He Never Knew

He Never Knew

Clint Liles
2019-2020

I had not spoken to my uncle since I was nine years old. My mother would not tell me much about him other than the lifestyle he chose was not compatible with the Bible’s teachings. She once recalled the moment my uncle came out to my family, my grandfather promptly grabbed his King James Version Bible and flipped it to Leviticus 4:13. Forcing my uncle to read it aloud in front of his mother, five brothers, and six sisters. I can remember the exact moment I received news of his death and the internal isolation I felt as I mourned his loss. I related to my uncle as we each had to overcome a deep-rooted secret in the same way Sarty does in William Faulkner’s ‘Barn Burning’. The isolation and internal struggle Sarty feels between remaining loyal to his family or the honesty he must share is much like the struggle I faced upon the news of my uncle’s death. 

I grew up devoutly Southern Baptist, my parents always joked I was a drugged-up child… drugged-up to the altar that was. From the time I was let out from the hospital as a baby I was in church every time the doors were open. I remember one time when I was six years old these little old ladies would joke my childhood best friend and I would get married. They’d have us hold hands and walk through the church together as a cute little joke. My best friend would laugh and slightly blush, but I left feeling confused of the moment. I did not feel good afterwards, in fact I felt dirty from the whole experience. It was in that moment I realized something was different about me and that I was not attracted to girls in the same way many boys are. However, I knew this was incompatible with church doctrine and only those who were destined for hell chose such a lifestyle. I knew my uncle was gay, but my parents always told me he chose that life and he would have to answer for it. For that reason, I never spoke much to him, and decided it be best to internalize the feelings of affection I had for boys.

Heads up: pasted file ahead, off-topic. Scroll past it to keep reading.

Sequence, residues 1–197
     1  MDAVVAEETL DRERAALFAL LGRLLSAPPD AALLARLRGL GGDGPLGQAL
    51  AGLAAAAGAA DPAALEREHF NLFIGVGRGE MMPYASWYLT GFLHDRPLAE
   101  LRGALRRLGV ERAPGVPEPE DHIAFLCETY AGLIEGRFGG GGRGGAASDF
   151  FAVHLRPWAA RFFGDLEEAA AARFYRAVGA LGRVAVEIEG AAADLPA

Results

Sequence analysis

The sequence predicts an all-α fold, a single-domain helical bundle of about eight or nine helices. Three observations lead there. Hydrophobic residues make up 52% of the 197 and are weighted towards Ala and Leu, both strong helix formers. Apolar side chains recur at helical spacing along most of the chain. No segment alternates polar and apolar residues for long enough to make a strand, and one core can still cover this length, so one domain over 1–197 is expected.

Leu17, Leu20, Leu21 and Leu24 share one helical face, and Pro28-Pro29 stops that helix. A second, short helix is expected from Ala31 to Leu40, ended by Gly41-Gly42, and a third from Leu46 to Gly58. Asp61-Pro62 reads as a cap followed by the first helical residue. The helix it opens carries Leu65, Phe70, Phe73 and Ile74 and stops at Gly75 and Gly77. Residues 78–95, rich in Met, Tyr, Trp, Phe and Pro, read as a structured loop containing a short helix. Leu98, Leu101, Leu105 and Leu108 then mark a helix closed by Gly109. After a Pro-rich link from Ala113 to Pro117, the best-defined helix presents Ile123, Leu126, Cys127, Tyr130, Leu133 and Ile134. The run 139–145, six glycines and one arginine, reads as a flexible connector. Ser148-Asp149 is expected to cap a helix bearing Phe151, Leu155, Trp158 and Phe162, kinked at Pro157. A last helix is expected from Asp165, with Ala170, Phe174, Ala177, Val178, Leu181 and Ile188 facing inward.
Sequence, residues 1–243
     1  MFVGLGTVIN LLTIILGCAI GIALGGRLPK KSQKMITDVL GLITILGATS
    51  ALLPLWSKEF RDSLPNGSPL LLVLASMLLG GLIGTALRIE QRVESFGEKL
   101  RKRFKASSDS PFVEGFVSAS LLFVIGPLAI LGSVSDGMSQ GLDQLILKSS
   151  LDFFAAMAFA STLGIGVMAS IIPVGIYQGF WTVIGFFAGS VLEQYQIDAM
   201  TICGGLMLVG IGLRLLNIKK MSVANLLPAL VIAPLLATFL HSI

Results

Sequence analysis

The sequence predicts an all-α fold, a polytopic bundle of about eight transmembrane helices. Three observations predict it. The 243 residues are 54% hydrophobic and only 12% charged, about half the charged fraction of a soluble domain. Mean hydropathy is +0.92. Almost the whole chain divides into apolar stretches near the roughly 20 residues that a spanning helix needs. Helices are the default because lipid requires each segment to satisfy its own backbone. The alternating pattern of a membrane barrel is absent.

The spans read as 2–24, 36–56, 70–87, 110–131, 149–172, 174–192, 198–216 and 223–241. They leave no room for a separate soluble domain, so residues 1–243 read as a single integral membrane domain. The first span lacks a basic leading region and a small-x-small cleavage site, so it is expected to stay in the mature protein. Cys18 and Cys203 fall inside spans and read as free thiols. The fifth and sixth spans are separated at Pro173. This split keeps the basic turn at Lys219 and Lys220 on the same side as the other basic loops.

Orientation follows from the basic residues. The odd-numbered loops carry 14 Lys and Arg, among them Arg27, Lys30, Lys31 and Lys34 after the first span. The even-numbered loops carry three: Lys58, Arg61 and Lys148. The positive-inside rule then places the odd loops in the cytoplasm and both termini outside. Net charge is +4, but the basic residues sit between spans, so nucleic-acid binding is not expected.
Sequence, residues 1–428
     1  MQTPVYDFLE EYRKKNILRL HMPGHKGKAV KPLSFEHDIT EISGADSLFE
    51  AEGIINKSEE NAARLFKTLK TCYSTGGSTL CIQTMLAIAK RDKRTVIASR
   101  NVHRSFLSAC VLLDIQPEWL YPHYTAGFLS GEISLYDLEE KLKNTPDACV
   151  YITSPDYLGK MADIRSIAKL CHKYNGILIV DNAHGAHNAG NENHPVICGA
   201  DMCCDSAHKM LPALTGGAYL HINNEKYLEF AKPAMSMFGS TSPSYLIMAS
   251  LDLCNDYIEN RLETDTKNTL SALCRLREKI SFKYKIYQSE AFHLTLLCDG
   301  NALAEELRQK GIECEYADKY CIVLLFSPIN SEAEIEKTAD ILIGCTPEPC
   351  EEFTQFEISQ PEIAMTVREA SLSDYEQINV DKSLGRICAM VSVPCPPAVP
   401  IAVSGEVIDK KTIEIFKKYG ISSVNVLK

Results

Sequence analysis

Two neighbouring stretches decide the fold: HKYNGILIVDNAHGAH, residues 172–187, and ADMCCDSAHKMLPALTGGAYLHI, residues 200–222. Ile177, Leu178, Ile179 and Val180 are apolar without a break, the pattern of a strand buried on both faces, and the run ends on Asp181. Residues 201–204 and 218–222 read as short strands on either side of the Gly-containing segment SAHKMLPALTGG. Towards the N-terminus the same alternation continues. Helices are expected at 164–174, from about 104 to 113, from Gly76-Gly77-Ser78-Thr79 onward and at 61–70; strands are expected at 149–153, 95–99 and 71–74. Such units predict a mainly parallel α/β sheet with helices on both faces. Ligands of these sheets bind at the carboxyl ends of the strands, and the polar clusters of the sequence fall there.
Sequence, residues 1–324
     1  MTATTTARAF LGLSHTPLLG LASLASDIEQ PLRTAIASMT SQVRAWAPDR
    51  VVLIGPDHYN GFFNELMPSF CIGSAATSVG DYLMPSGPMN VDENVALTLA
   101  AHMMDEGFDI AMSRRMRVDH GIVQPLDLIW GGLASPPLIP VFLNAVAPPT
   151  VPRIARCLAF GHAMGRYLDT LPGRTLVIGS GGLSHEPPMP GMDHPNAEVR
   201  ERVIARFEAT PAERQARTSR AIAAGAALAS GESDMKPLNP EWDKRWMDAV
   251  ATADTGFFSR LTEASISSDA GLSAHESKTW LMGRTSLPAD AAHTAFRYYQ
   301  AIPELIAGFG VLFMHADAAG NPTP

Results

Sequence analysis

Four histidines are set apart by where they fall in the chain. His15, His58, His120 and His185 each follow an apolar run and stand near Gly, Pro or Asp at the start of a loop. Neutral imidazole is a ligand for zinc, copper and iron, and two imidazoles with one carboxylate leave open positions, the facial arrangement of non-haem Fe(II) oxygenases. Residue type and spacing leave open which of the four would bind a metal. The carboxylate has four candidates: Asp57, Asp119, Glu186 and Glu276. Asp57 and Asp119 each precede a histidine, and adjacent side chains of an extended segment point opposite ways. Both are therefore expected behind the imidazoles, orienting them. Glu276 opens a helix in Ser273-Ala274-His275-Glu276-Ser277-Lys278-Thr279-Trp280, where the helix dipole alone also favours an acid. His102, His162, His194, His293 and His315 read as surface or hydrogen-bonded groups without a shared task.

On Valentine’s Day in 2015 my parents decided they wanted to have a small family get away to Asheville, North Carolina. So, on that chilly Sunday morning we all packed into my dad’s Honda Ridgeline and headed for the mountains to enjoy the day together. We got to the Dillard’s outlet at about 10 o’clock in the morning, I got out of my dad’s truck, stretched my legs, and took in a large breath of fresh air. I never particularly liked Valentine’s Day, to me it only forced couples to hardly go out of their way and get flowers for their significant other while reminding all those who were single just how alone they were. However, I felt this day had the potential to be different, I was at least with my family, so I wasn’t sitting around all alone. As I mindlessly breezed through the seemingly endless clothing aisles my dad slowly approached me and whispered in my right ear, “your uncle Fritz, he’s dead… he committed suicide about an hour ago at his apartment in Dallas.” I froze as I felt my body go numb. My body felt too heavy for my legs to handle as my dad’s voice suddenly seemed to grow evermore distant. I felt like I was floating on thin air as a cold breeze of isolation swept over me. My uncle never knew I was gay too.